Additive Manufacturing in Spacecraft Design and In-Space Robotic Fabrication of Large Structures

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Virginia Tech


Additive Manufacturing (AM, 3D printing) has made significant advancements over the past decade and has become a viable alternative to traditional machining techniques. AM offers several advantages over traditional manufacturing techniques including improved geometric freedom, reduction in part lead time, cost savings, enhanced customization, mass reduction, part elimination, and remote production. There are many different AM processes with the most commonly used process being Fused Filament Fabrication (FFF). Small satellites have also made significant advancements over the past two decades with the number of missions launched annually increased by orders of magnitude over that time span. Small satellites offer several advantages compared to traditional spacecraft architectures including increased access to space, lower development costs, and disaggregated architectures. On-orbit manufacturing and assembly have become major research and development topics for government and commercial entities seeking the capability to build very large structures in space. AM is well suited on-orbit manufacturing since the process is highly automated, produces little material waste, and allows for a large degree of geometric freedom. This dissertation seeks to address three major research objectives regarding applications of additive manufacturing in space systems: demonstrate the feasibility of 3D printing an ESPA class satellite using FFF, develop a FFF 3D printer that is capable of operating in high vacuum and characterize its performance, and analyze the coupled dynamics between a satellite and a robot arm used for 3D printing in-space. This dissertation presents the design, finite element analysis, dynamic testing, and model correlation of AdditiveSat, an additively manufactured small satellite fabricated using FFF. This dissertation also presents the design, analysis, and test results for a passively cooled FFF 3D printer capable of manufacturing parts out of engineering grade thermoplastics in the vacuum of space. Finally, this dissertation presents a numerical model of a free-flying small satellite with an attached robotic arm assembly to simulate 3D printing structures on-orbit with analysis of the satellite controls required to control the dynamics of the highly coupled system.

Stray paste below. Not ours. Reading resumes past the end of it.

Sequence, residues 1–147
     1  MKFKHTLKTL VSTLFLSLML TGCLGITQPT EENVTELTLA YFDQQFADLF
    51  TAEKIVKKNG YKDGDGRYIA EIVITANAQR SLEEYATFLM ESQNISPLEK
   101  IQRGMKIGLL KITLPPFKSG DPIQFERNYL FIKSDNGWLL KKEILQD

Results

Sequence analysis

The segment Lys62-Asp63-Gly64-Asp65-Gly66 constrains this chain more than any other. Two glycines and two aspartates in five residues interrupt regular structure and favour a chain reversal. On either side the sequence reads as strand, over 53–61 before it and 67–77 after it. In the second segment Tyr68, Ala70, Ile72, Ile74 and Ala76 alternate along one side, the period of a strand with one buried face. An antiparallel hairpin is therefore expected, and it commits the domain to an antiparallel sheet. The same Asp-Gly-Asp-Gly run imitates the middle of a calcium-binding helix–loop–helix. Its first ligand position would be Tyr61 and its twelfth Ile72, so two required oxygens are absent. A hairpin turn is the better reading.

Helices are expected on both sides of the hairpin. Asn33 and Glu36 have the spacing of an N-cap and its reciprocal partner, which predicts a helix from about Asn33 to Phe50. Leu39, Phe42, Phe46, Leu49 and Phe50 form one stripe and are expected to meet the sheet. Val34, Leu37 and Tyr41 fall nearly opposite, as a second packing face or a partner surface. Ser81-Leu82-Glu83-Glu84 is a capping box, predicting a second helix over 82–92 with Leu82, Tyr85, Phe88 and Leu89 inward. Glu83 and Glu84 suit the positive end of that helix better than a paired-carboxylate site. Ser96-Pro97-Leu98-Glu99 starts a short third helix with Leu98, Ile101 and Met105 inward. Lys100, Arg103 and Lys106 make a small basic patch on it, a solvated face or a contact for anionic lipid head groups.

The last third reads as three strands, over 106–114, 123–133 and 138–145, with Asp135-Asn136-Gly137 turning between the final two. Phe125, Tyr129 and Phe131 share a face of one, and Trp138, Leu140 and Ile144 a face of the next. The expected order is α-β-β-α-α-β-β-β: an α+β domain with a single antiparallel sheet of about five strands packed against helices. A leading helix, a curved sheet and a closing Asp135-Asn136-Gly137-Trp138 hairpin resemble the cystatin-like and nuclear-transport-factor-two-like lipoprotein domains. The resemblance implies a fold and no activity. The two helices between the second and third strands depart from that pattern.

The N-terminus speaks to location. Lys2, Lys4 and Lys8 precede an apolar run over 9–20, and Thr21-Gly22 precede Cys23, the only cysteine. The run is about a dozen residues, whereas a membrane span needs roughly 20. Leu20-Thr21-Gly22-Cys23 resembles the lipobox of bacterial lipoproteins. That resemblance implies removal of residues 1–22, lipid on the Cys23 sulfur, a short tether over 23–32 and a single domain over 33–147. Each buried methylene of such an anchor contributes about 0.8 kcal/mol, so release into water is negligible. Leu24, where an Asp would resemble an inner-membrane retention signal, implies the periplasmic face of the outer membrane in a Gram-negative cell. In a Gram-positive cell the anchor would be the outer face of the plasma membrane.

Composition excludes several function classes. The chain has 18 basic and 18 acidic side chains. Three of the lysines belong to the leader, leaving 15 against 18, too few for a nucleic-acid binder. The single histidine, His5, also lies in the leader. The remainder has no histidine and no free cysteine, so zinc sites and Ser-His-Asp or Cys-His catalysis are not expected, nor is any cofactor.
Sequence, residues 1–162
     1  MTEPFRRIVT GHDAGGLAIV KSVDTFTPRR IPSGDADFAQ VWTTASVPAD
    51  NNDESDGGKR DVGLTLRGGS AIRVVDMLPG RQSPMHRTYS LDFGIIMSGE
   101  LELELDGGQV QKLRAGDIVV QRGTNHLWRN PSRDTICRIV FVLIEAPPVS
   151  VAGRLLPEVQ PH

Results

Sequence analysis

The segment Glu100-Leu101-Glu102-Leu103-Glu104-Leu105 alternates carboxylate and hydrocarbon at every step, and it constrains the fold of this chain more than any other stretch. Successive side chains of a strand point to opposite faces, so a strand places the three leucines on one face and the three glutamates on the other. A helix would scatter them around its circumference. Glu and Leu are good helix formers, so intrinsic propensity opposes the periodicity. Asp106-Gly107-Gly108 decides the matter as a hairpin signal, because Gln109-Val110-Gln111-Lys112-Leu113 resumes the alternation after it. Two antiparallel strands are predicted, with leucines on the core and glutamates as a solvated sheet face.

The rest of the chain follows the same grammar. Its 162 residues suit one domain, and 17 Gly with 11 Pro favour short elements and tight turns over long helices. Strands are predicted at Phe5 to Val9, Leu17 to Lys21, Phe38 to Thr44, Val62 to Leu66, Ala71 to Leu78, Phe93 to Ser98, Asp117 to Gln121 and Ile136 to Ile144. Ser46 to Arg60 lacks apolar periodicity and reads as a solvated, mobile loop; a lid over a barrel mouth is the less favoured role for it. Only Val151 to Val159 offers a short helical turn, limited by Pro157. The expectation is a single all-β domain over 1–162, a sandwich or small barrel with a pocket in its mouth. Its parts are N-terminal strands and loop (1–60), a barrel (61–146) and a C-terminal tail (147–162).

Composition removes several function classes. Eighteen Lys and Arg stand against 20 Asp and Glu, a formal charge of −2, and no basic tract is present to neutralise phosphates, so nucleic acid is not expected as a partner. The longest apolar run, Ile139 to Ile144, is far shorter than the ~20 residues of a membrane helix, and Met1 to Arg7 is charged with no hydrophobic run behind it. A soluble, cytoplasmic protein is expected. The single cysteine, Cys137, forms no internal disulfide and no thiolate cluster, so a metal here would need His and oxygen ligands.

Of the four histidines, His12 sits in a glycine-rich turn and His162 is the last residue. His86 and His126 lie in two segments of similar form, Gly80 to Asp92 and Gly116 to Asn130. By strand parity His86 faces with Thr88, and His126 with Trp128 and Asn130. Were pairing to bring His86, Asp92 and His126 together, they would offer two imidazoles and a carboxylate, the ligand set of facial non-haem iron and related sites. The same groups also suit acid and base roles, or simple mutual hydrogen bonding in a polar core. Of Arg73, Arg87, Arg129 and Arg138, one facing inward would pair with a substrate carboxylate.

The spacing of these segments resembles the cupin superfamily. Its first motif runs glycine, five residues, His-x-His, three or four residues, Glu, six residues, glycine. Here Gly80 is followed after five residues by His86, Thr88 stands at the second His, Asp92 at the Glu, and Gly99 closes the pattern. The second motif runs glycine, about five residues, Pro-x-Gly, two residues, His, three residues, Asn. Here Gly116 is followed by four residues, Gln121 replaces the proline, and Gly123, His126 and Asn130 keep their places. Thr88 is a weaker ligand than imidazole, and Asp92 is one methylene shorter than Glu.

Spacecraft, Additive Manufacturing, Robotics, On-Orbit Manufacturing, High Vacuum, Satellite, 3D Printing, Fused Filament Fabrication, In-Space Servicing Assembly and Manufacturing